Monday, 13 July 2020

Mubi Monday: The Bigamist (1953)

With the blunt title hitting at some kind of shocking melodrama, The Bigamist isn't a film that you go into with expectations of subtlety and twists. Director Ida Lupino still manages to do a bit more with the material than others might have done, working diplomatically with the screenplay by Collier Young to make something arguably better than it has any right to be.

Edmond O'Brien is Harry Graham, loving husband to Eve Graham (Joan Fontaine). The two are looking to adopt a child, which puts them under the scrutinising gaze of Mr. Jordan (Edmund Gwenn), and it's not long until that man discovers that Mr. Graham has a secret, another wife (Phyllis Martin, played by Lupino). In fact, he has a whole second life, something that he surely knew would be discovered when he began the adoption process.

Interestingly, especially considering the time this was made, The Bigamist takes time to show the various little moments that lead to the main character making some very foolish decisions, but it does so without constantly judging, and tutting at, all of those moments. It also lets a fairly silly plot unfold in a way that feels grounded and realistic, thanks to Young's script, and, again, I'd say that's a very pleasant surprise for the time it was made. The hardest part to swallow is the "framing device" which allows the morally-unshakeable Mr. Jordan to learn the full details of the story.

O'Brien is a decent enough lead, he's not a special man, he's just managed to get himself in a very unique situation. Fontaine and Lupino are both excellent, showing two different personalities with enough similar appeal to the lead, and it's impossible not to feel sympathy for both as you see things heading towards a third act that needs a revelatory moment on the way to some kind of punishment. Gwenn is fine, he does what he needs to do, which is mainly listen with interest as O'Brien unburdens himself of a secret that has been weighing on his mind for some time.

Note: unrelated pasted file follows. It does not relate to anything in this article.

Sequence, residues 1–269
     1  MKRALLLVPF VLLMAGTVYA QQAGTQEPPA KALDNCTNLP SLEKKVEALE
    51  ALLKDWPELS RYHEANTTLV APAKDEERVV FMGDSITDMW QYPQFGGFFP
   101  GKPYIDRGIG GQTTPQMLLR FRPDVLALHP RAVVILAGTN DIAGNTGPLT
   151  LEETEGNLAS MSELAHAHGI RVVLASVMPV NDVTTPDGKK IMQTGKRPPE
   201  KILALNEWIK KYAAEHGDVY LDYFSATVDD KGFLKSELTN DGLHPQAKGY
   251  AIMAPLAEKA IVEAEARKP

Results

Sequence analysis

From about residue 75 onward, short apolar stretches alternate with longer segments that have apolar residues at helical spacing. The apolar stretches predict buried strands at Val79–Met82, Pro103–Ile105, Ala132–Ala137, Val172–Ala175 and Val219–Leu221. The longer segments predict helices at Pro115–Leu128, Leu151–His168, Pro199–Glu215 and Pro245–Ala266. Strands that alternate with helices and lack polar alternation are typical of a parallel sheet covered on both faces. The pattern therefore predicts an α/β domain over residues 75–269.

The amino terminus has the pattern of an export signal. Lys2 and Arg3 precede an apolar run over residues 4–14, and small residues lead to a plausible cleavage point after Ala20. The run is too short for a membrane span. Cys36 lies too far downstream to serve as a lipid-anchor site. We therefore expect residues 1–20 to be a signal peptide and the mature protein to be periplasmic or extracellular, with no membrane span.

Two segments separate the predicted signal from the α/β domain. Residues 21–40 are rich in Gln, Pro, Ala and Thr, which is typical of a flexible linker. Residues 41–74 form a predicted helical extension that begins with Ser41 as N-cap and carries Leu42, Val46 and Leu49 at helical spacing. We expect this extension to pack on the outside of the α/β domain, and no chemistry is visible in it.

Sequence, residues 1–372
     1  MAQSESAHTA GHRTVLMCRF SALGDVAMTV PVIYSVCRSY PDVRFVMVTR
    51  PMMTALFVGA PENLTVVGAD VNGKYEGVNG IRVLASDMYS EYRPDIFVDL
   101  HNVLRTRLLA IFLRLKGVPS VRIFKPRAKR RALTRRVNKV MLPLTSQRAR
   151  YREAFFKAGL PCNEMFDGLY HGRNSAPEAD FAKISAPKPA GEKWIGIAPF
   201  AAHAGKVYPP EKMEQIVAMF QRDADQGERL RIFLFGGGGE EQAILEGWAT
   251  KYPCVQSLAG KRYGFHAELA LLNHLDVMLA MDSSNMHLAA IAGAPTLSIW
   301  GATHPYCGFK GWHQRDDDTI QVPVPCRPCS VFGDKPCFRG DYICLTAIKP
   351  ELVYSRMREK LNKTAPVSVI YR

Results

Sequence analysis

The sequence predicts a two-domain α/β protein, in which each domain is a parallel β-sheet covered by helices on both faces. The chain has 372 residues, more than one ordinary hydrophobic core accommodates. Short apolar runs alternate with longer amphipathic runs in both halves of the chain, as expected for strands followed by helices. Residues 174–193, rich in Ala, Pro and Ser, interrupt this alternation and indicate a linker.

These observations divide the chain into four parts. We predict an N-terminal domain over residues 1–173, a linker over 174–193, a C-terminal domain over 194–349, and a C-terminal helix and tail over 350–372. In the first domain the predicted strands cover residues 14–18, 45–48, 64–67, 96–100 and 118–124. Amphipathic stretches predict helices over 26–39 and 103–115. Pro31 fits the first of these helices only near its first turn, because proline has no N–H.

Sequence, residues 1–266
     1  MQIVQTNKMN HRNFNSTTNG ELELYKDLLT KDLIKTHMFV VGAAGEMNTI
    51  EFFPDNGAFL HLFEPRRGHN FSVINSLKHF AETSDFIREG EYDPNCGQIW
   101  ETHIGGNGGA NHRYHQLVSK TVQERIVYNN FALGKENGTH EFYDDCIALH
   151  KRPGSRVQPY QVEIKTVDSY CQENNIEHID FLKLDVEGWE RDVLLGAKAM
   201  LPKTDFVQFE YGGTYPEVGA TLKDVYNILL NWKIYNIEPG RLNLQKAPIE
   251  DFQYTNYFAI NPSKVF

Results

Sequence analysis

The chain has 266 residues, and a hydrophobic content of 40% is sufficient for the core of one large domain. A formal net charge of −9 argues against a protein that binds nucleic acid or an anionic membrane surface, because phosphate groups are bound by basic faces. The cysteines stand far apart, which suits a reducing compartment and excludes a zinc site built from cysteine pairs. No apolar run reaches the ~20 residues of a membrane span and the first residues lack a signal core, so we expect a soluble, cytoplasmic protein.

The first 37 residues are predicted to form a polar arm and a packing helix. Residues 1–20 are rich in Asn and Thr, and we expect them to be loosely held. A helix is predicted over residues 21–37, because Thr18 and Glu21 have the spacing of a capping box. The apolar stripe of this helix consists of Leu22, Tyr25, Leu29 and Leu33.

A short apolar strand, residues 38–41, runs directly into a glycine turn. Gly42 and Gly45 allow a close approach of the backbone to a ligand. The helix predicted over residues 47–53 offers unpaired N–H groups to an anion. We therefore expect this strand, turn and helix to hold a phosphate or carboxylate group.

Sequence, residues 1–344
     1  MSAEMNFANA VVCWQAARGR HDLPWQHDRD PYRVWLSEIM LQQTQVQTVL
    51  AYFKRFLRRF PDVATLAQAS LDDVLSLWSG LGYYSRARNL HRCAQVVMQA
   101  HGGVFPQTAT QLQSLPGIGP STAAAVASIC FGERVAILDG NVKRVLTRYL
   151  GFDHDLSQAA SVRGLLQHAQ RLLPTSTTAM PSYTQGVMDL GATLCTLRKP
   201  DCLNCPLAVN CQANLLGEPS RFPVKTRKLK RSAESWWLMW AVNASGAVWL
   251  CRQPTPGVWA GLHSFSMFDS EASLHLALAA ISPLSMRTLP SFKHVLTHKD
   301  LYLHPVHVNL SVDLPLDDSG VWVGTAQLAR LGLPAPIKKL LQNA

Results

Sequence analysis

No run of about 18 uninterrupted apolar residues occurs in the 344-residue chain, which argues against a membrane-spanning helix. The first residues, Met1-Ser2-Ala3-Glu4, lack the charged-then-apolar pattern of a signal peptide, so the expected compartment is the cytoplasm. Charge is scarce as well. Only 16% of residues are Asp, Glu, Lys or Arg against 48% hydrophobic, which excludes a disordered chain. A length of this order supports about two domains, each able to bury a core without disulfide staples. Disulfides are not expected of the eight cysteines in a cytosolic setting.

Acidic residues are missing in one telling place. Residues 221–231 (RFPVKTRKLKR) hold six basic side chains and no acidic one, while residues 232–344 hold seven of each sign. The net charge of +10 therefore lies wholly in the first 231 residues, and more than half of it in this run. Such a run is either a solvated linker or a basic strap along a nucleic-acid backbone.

It's interesting to think of how this would be perceived if directed by a man, and how the material would have been executed. Lupino, an excellent director, and a woman with one of the most interesting careers to incorporate the glowing past of Hollywood (in terms of the path she took at a time when women had even less opportunities than they do today), allows everyone to be viewed with compassion. There's a man who battles his feelings until he thinks he can make everything work, and there are two women who both love that man, and are both unaware that their very presence would be a cause of pain to one another.

You know exactly what you're getting into with The Bigamist, and yet it also delivers the central message, the expected cautionary tale, with a surprising amount of care and understanding.


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